iTranslate provides an online translation front-end, with helpful audio out too

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Front ends for the likes of (e.g.) Google Translate are common across the mobile world, but iTranslate offers to go the extra mile by including voice too. At least, here on Windows Phone, for output - though over on the iPhone you can speak your inputs too - maybe this will come to our platform in due course? In the meantime, iTranslate is simple, attractive and effective, has loads of extras, and is highly recommended.

Distributed as a free client, with ads - though you'd need to be online anyway, since this is a cloud service, i.e. all the translations are done on a server somewhere and sent back, iTranslate is also available in a 'premium' version (for £4) with no ads and support for longer translation strings. This seems like a good model, with just those people using the service regularly needing to pay up.

From the Store description:

iTranslate is an award winning translation tool that helps you break down language barriers. With its state of the art technology you can speak any language in a second.

  • 80+ LANGUAGES - With iTranslate you can translate words, phrases and text in over 80 languages.
  • VOICE OUTPUT - Ever wanted to know what an Australian English female sounds like? With iTranslate you can select between lots of different dialects, choose a male or female voice and even control the speaking rate.
  • DICTIONARIES - Most translator Apps give you only 1 result per translation. However, if you are translating words and phrases there are often different meanings, depending on the context. iTranslate gives you dictionaries for many languages to precisely solve that problem. 
  • TYPE FASTER - Translate is optimized for fast text input. Get suggestions while you’re typing, turn your phone to the side and use both hands for typing with the bigger landscape keyboard or use our popular swipe gestures for quick copying & pasting. 
  • SHARE - Send translations to your friends via Email, SMS, Facebook or Twitter or simply copy a translation and use it in any App you like.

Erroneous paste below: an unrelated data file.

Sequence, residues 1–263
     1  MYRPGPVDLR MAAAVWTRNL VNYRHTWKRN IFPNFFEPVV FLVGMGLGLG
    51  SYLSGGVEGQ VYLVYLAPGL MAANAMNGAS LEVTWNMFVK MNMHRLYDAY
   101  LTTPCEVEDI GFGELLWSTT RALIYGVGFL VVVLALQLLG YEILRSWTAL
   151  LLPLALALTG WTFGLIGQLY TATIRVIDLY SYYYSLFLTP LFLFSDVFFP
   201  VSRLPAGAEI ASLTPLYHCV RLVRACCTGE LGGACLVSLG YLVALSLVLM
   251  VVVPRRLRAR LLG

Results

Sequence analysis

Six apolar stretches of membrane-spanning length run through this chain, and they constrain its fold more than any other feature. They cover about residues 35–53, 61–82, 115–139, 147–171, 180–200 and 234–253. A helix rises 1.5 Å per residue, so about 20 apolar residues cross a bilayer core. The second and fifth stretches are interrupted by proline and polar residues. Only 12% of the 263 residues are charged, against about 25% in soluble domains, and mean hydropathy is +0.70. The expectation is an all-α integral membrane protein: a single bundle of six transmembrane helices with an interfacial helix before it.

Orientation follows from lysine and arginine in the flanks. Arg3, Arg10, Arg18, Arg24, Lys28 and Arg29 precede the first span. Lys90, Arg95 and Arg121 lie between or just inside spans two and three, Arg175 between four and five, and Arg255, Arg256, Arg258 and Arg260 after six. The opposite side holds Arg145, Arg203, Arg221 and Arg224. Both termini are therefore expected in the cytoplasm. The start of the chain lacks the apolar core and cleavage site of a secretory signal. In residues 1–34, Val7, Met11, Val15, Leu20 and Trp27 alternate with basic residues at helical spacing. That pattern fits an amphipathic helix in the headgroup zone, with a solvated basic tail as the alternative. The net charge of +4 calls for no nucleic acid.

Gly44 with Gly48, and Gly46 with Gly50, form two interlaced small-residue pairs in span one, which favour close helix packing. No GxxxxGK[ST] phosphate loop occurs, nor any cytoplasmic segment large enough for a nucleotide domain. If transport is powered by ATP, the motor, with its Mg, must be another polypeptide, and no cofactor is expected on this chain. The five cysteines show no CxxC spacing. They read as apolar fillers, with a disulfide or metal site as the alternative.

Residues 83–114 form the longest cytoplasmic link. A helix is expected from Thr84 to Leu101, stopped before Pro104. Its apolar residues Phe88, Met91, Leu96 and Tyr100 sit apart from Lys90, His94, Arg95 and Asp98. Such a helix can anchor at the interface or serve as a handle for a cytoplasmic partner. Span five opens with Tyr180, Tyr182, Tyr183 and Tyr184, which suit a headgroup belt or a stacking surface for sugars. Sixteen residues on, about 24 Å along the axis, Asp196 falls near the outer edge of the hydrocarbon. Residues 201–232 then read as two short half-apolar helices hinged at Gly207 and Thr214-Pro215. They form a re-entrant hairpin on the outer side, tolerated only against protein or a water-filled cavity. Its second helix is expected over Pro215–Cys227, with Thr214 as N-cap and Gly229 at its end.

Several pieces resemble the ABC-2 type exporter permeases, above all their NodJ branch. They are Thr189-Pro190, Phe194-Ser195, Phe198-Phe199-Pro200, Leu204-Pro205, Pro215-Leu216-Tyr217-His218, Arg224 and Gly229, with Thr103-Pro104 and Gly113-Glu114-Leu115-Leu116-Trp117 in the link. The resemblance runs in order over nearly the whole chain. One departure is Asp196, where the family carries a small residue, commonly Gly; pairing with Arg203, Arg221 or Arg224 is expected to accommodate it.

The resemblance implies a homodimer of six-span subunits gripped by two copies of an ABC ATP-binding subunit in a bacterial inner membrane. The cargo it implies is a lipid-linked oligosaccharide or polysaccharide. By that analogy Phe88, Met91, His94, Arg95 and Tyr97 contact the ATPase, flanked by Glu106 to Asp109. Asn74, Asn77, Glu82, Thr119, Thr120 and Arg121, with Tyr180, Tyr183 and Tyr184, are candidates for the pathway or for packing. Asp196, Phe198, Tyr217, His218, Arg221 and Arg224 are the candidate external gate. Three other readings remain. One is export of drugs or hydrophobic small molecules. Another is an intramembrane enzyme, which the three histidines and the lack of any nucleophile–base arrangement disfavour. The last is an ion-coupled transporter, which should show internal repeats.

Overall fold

• FAVORITES & HISTORY - Browse through recent translations or save a translation for later offline access. 

This first version for Windows Phone seems to be lacking some of the above - I couldn't get the typing suggestions and corrections to work, for example, but on the whole the experience is direct and effective, coping with even complicated translations. 

Here's iTranslate in action:

Screenshot, iTranslateScreenshot, iTranslate

Picking languages to use - note the '...' pop-up menus, indicating the presence of dialects (see below); (right) typing out my first translation query - note the absence of spelling aids and auto-correction. It's not clear yet whether this is a bug or a platform problem...

Screenshot, iTranslateScreenshot, iTranslate

Diving into settings, auto correction is definitely turned on (and everythings enabled in Settings/keyboard/language in the OS), so it's something of a mystery...; (right) my first translation, served up from iTranslate's servers.

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Tapping the pop-up menu '...' besides any phrase offers copying, sharing or 'Listen', producing a slick rendition in your destination language (though too fast, by default, I'd argue); (right) by tapping on the translation result you can reverse the phrase back into your source language. Do this a couple of times and it's fun to see the words and meaning change - but no translation system is perfect in this regard and iTranslate still does a good job overall.

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A real world query, handled with aplomb, and listened to in (in this case) French; (right) happily, the pop-up for language dialect also has a speed slider, so you can slow all audio results down, if you wish!

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Unique to iTranslate is a really good dictionary. If there's ambiguity (as happens often with just single words, as here) then other contexts and translations are offered.

Screenshot, iTranslateScreenshot, iTranslate

Trying to trick iTranslate with future conditionals didn't work - the declination of 'faire' (to do) here was handled perfectly! (right) a history is kept of all translations, so that you can refer back without having to perform the typing and translation all over again.

Not shown here because it was impossible to screenshot, you can swipe left on any translation to copy it to the clipboard directly. Very handy.

From interface to translation accuracy to languages and dialects supported, iTranslate is a pretty complete system and is highly recommended. Now if only voice input could be added, as on iOS?

You can download iTranslate for free here in the Windows Phone Store.

Source / Credit: Windows Phone Store